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There is a growing appetite for locally-sourced food and exotic culinary options in the hipper corners of many cities, Boston included. But these trends are also creating opportunities in struggling cities with large immigrant populations, commonly known in Massachusetts as Gateway Cities. And one could argue the stakes are considerably higher in communities where fresh lettuce—to say nothing of an organic farm-to-table meal—can be hard to come by.

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Gateway Cities discover the power of food

In one corner, a guy was hunched over his laptop, working on a pitch for a smartphone app that would allow golfers to summon the beverage cart from anywhere on the course. On another side of the office, a tech staffer was working the phone while keeping his eyes on two flat-screen monitors. The location was one of those trendy-looking technology incubation centers, with glossy wood floors and exposed ventilation ducts, that are common in downtown Boston or Kendall Square. But Alpha Loft is in New Hampshire, a state better known for its mountains, lakes, and minimalist approach to government.

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New Hampshire tries to reclaim tech vibe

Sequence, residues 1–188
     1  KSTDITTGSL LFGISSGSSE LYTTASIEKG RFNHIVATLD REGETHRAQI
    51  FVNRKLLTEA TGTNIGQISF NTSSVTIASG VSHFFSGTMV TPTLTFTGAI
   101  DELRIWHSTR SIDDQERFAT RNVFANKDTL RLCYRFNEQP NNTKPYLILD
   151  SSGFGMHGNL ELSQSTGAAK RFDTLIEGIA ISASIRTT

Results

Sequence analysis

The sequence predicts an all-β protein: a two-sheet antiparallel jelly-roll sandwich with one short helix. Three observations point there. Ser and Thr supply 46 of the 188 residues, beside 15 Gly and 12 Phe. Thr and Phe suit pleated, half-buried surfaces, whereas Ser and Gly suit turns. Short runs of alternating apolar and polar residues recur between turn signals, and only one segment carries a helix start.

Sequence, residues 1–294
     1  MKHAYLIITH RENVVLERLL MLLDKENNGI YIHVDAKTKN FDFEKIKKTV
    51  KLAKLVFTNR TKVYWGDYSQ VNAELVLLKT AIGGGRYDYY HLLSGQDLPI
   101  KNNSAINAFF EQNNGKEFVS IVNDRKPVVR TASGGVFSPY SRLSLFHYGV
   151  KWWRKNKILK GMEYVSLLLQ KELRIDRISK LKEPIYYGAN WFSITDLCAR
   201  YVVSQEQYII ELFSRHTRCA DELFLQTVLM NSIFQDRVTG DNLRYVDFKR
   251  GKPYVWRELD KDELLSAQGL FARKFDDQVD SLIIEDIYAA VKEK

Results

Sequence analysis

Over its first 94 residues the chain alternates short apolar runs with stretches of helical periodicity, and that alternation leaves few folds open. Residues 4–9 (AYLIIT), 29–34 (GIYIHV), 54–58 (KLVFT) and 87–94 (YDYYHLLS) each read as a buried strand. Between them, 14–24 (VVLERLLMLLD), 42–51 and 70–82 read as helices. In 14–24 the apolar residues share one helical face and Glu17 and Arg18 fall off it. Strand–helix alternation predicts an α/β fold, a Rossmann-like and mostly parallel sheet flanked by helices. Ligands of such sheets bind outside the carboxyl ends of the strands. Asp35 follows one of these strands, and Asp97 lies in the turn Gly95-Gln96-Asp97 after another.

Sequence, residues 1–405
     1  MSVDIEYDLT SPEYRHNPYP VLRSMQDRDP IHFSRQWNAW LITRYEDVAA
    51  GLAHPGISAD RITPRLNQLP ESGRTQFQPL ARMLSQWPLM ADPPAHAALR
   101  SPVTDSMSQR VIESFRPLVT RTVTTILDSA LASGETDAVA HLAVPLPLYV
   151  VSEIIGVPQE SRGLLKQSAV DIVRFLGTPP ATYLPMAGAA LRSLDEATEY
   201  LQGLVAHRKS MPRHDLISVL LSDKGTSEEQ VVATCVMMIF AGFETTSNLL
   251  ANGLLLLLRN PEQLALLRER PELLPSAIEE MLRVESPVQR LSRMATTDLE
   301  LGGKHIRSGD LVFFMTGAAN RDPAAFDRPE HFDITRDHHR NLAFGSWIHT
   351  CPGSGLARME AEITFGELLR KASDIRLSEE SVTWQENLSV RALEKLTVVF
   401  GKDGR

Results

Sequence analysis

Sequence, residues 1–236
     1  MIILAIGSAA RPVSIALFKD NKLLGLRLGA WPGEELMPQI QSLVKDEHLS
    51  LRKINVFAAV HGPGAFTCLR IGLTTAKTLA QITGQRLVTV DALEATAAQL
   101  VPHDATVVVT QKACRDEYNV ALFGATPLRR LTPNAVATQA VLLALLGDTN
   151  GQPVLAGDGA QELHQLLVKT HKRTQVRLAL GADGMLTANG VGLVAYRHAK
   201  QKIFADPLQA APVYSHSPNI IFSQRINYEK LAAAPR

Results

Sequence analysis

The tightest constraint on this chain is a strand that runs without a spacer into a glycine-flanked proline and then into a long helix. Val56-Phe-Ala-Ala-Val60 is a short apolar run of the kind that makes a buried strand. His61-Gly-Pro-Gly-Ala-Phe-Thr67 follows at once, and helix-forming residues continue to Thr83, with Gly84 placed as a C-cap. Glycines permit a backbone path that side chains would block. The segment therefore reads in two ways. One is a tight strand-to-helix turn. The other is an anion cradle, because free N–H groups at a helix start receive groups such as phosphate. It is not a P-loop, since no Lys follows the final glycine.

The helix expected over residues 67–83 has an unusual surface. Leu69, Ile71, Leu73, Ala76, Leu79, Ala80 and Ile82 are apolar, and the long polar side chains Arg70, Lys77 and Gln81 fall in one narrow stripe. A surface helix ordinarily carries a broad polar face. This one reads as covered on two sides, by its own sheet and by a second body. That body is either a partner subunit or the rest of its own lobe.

OUTSIDE HOLYOKE CITY HALL is a stone fountain that once gurgled with water, offering a more wholesome substitute for alcohol to “a thirsty humanity,” as the inscription reads. Erected in 1901, the monument was one of several put up by the Women’s Christian Temperance Union around the country as part of a campaign that would help usher in Prohibition. One suspects those upstanding ladies would be none too pleased by recent developments in Holyoke, where city officials are not just cheering the end of another form of prohibition—on marijuana—but embracing it as a way to revive the city’s flagging fortunes.

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Holyoke’s mayor isn’t afraid of pot

Men with their wives slung over their shoulders bounded over log hurdles and charged through a muddy pit on a mountainside in Maine on Saturday, as hundreds of spectators cheered them on at the North American Wife Carrying Championship.

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Wife-carrying competition brings Finnish whimsy to Maine

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The comedian Pete Davidson returned to the stage Monday night, two weeks after an Instagram post raised concerns that he was having suicidal thoughts, and showed that his preferred coping mechanism was still intact: laughter.

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Pete Davidson Back Onstage for First Time Since Suicide Scare

In 2011, a community of Buddhist monks in Lowell announced plans to build one of the largest and grandest temples in the country. The $10 million structure would signal that the city’s Cambodian Americans had at last entered the mainstream. Then came accusations of financial impropriety and political backstabbing. And then came a secretly recorded video of a monk having sex.

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Sex and the Single Monk